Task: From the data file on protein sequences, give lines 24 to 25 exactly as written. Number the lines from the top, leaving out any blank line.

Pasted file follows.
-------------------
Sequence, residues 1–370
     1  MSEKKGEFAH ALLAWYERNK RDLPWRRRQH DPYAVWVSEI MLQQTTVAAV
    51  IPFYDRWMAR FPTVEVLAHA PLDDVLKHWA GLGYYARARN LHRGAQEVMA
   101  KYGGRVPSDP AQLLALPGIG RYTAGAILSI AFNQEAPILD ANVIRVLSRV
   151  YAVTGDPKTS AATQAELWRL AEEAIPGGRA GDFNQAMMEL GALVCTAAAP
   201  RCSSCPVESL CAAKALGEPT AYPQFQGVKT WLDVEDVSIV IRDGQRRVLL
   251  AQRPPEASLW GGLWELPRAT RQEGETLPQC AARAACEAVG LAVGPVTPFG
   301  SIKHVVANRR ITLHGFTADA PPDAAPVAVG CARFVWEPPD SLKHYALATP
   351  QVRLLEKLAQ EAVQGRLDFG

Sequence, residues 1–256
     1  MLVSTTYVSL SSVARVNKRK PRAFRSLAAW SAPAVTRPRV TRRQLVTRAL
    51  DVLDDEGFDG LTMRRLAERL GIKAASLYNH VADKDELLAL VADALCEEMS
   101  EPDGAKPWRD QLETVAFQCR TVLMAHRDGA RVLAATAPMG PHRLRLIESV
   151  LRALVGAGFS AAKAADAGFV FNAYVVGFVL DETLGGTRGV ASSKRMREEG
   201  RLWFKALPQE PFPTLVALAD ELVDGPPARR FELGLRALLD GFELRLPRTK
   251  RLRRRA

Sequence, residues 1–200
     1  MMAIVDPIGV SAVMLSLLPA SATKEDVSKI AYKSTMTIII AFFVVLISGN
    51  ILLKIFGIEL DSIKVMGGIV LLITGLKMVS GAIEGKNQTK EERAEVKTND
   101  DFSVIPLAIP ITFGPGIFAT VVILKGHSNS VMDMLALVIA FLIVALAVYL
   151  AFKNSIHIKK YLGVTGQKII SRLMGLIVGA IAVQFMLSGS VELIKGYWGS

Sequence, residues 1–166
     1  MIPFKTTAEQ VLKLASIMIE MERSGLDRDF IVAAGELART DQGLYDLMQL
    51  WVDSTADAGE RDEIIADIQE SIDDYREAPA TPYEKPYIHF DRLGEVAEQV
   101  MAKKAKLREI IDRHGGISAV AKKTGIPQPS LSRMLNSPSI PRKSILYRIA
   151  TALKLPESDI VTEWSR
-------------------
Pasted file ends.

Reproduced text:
    51  WVDSTADAGE RDEIIADIQE SIDDYREAPA TPYEKPYIHF DRLGEVAEQV
   101  MAKKAKLREI IDRHGGISAV AKKTGIPQPS LSRMLNSPSI PRKSILYRIA